I’m tremendously gratified to see this series in a mass media outlet, especially Fox News, which is known for its conservative slant. Continue reading
Researcher Requests for Inappropriate Analysis and Reporting | Annals of Internal Medicine | American College of Physicians | Oct 2018
Here is the verbatim abstract of a sad truth about the corruption of scientific research by, what else, money.
The previous post, Statisticians Asked to Commit Scientific Fraud, discussed the results in more detail and I’m showing this is mainly as a reference. If anyone has access to the full paper, I’d love to see it.
Inappropriate analysis and reporting of biomedical research remain a problem despite advances in statistical methods and efforts to educate researchers. Continue reading
1 in 4 Statisticians Say They Were Asked to Commit Scientific Fraud – By Alex Berezow — October 30, 2018
This article definitely points toward a sad truth, but the sample of 390/522 statisticians from whom they “received sufficient responses” doesn’t look like a representative sample at all.
Only someone who’s been in this situation themselves would answer a survey about “inappropriate requests”. For those who haven’t, they would only check some box saying “it hasn’t happened to me” and then the rest of the survey would be pointless to fill out because it wouldn’t apply to them.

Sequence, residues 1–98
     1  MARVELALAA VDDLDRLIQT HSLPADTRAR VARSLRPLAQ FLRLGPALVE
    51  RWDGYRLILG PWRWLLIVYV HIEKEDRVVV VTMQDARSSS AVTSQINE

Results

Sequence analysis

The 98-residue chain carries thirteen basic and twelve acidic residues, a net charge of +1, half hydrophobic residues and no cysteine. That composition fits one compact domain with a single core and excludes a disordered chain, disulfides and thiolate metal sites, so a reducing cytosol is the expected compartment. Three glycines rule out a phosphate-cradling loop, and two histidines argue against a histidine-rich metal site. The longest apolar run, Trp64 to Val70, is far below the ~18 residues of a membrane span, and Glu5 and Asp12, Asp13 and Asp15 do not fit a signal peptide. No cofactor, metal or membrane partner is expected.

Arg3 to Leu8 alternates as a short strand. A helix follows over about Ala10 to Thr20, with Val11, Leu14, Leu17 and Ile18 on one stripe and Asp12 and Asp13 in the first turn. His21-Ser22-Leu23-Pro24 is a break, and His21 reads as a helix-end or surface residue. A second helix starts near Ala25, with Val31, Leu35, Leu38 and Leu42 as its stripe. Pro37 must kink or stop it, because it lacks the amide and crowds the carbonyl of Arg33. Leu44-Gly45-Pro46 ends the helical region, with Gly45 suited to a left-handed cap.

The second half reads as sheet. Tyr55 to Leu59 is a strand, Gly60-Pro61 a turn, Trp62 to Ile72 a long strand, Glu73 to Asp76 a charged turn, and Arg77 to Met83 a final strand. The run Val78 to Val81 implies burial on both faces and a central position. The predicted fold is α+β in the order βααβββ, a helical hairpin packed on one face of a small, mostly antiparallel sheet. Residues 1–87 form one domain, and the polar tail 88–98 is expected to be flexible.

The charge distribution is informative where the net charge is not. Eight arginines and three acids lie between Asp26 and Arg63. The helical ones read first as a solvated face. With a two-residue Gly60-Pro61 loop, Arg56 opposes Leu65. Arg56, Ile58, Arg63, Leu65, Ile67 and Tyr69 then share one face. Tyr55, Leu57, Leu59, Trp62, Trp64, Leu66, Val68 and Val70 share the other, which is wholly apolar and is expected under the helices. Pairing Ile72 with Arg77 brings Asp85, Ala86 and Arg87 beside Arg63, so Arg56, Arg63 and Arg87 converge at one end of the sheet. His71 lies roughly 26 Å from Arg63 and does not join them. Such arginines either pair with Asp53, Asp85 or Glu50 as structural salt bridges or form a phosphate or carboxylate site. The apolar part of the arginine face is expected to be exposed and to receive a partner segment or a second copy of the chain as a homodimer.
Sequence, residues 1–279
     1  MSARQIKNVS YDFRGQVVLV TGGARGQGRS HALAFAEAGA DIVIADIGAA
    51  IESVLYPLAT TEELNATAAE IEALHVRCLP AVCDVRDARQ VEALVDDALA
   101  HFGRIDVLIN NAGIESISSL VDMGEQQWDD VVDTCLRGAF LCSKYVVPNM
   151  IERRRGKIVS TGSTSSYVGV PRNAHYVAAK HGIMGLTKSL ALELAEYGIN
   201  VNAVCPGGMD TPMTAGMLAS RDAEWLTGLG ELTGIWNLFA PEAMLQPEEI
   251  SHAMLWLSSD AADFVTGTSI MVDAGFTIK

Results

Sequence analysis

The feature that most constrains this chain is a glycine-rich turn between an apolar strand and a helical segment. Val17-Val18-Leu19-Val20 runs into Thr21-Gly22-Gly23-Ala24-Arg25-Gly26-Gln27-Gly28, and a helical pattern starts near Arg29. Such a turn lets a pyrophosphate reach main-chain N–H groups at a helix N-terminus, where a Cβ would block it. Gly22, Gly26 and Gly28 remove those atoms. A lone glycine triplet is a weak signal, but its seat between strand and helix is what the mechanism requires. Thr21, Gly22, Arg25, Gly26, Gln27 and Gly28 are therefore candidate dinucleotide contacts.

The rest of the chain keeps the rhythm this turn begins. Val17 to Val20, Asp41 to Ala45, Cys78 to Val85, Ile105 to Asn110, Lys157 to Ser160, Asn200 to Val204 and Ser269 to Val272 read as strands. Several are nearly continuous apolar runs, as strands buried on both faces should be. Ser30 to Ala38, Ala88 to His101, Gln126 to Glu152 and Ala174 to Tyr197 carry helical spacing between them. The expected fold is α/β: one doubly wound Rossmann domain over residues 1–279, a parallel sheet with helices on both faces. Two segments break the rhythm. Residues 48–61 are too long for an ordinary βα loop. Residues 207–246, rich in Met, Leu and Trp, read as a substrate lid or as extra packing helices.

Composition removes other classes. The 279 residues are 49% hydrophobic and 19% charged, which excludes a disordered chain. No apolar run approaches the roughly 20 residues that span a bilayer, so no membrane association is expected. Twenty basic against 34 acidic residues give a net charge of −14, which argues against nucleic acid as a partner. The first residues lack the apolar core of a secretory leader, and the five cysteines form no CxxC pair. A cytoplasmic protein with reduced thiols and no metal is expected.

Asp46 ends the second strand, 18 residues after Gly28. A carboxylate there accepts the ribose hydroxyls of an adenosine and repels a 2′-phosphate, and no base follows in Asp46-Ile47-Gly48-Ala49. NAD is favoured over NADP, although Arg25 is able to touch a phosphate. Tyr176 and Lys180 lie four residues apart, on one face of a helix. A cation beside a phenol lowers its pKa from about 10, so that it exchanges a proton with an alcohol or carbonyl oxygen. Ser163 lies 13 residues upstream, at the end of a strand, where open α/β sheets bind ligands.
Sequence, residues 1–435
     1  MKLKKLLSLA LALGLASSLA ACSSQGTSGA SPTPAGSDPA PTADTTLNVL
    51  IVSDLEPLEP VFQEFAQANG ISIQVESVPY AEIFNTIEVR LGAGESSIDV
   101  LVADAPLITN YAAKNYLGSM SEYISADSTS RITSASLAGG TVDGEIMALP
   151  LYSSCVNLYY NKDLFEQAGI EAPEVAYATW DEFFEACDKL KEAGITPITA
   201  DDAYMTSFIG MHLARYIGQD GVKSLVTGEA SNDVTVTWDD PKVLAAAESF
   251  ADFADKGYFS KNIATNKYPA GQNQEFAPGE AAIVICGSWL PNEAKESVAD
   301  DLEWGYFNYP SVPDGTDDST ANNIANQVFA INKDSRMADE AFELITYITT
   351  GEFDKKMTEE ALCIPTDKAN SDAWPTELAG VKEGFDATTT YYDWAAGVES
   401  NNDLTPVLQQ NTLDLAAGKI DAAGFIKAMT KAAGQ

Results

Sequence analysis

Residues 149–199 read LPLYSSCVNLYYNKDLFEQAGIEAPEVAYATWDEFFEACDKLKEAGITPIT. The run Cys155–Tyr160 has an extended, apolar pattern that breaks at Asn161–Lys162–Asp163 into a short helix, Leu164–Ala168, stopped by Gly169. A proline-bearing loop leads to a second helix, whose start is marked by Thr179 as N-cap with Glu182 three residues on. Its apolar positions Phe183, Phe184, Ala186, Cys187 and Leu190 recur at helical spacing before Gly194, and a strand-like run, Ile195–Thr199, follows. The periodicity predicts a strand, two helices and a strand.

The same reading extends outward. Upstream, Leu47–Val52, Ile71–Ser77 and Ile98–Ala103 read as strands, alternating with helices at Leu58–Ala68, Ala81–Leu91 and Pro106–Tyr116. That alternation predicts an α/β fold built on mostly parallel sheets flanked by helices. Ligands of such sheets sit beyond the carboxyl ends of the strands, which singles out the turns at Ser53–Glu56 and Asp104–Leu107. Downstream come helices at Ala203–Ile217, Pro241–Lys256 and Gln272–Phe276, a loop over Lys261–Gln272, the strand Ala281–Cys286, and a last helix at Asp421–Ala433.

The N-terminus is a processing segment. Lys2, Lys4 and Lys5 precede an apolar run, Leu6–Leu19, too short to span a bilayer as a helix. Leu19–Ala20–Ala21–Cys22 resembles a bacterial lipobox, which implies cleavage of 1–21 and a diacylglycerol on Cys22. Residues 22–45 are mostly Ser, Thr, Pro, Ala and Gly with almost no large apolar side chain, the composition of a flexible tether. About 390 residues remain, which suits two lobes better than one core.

Without access to a full explanation of how they picked their sample, I wouldn’t quote these results. However… Continue reading
Corporate Practice of Medicine: Medical Management Organizations and Professional Medical Corporations-Who Controls What? – Cohen Healthcare Law Group | Healthcare Lawyers | Life Sciences | FDA & FTC Law – May 2018
As more doctors are now contractors for giant medical corporations (like Kaiser) I’m seeing more restrictions (like how many patients/day and minutes/patient) placed on them by those corporations.
To me, this is clearly the “corporate practice of medicine” and it seems to fit the definitions of what’s not allowed, so I don’t understand why it’s allowed.
The Corporate Practice of Medicine (CPM) doctrine continues to befuddle, beleaguer, and bewilder healthcare companies seeking to venture with physicians and non-physician entrepreneurs. Continue reading